On the face of it, we all think we know our children very well. Particularly if they are not yet in school and you spend a lot of time with them! Even if you are certain that you know everything there is to know, it’s still worth reflecting as you may uncover something interesting or develop a new way to get them to behave in the ways that you would like. This is by no means an exhaustive list of things you could know about your child, but includes a lot of the important stuff.
Temperament and personality
- Does your child show leadership qualities, are they just happy to be part of the gang or do they prefer play alone?
- Is your child kind? Polite? A good friend?
- Is your child more of an introvert, extrovert or do they show aspects of both?
- What helps your child to be calm / calm down?
- What makes your child frustrated or angry?
- What makes your child embarrassed?
- Does your child worry a lot? If so, what are the main things that cause their anxiety?
- Is your child competitive?
- What are your child’s main interests? Are they creative? Outdoorsy? Sporty? etc.
- Is your child determined to do things for themselves or do they easily give up?
- Which are your child’s favourite toys, shows or books? What do these have in common?
- Is there anything that your child is afraid of? What do they do to cope with this?
Relationships with others
- Who are your child’s friends?
- Does your child make friends easily?
- Does your child have a lot of friends, a smaller number of close friends or do they spend a lot of time alone? If so, is this an issue for them?
- If they are friends that they have chosen (as opposed to family members or children of your own friends), what do they enjoy playing together and how well do they play together?
- Who does your child argue with? What are the main flashpoints?
- Is your child able to resolve their disagreements with their friends and/or siblings without adult intervention sometimes? Often? Rarely? Never?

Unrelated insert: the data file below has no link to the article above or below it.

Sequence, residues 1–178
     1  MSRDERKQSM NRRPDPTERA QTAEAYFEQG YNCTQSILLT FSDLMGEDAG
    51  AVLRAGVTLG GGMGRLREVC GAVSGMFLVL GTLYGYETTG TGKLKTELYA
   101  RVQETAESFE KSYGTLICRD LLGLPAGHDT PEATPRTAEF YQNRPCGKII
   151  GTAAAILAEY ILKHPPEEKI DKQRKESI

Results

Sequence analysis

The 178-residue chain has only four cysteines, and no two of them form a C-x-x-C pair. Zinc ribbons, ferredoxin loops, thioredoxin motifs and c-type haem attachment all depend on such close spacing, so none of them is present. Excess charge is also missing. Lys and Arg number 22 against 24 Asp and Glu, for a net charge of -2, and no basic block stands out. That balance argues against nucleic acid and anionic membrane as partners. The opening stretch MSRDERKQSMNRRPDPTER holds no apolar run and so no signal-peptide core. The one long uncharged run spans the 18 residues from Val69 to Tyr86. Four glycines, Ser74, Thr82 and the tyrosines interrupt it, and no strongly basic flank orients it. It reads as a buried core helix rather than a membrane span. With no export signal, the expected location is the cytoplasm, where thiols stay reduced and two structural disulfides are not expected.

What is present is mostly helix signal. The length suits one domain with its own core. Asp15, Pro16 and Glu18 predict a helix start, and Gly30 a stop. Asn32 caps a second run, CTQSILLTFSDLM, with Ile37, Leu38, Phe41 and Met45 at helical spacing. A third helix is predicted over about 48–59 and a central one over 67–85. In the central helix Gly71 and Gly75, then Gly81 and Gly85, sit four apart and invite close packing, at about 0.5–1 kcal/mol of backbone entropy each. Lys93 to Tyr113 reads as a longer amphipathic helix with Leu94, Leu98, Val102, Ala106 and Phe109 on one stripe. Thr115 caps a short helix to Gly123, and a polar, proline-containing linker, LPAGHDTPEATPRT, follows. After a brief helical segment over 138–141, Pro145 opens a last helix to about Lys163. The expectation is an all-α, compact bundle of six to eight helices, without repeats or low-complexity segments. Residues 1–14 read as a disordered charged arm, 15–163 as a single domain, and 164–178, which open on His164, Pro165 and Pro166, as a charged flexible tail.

- Does your child have a favourite adult in their lives? Why do you think this is? Does it change over time?
- Are there any adults that your child dislikes? Do you know why?
Learning and skills
- Does your child learn new things easily, or does it take time?
- How strong are your child’s verbal skills? Are they able to express themselves as clearly as they would like?
- Do they prefer to learn through trying straight away for themselves, or by taking time to observe first? Or does it depend on what they’re trying to learn?
- How confident is your child in their own body – what do they enjoy in the playground / park? How comfortable are they at climbing, balancing etc. ?
- Is your child able to play independently? For how long?
- What has worked well for you in getting your child to behave as you would like?
- What hasn’t worked so well for them? Do you know why?
- What (non food) rewards do you think motivate them?
Would you like to know your child better?
There are several ways of achieving this:
Firstly, just observe them! If there are aspects from the questions above that you feel that you don’t have answers to, keep watch for them over the next few days, focusing on just one area at a time, one child at a time (we all make comparisons between kids, but doing this systematically is not healthy for your relationship with them). This is a sort of mindfulness exercise for your parent/child relationship.
Secondly, ask them but use better questions! Most kids I know don’t respond well to “how was your day?” for example. There are lots of ways to tackle this, depending on the temperament and interests of your kid, but just a few ideas that have worked for me after preschool pick up include:
- Did anyone make you laugh today?
- What activity did you do that made the most mess?
- What do you think your teacher does after you’ve gone home?
and there are loads more ideas of these sorts of questions on this this blog.
You can also try simply “is there anything you’d like to ask me?” which works really well with my son. He asks me tonnes of questions, from how machinery works to why someone is sleeping rough and it opens up some interesting dialogue between us.
Thirdly, really listen to what your child is saying, try not to talk over them (tempting so much of the time with a young child!) and leave space in the conversation for them to fill. Taking a decent pause after you’ve asked them something to process your question, think about the answer and respond is worth a try. If you’re really interested in this topic, there is a wealth of research out there but one full text academic article that is freely available online and does some number crunching is Sergey Kiselev, Kimberly Espy and Tiffany Sheffield. 2009. Age-related differences in reaction time performance in young children. [ONLINE]
Bottom line: kids need longer to think about things than adults do, so consider holding a conversation at their pace.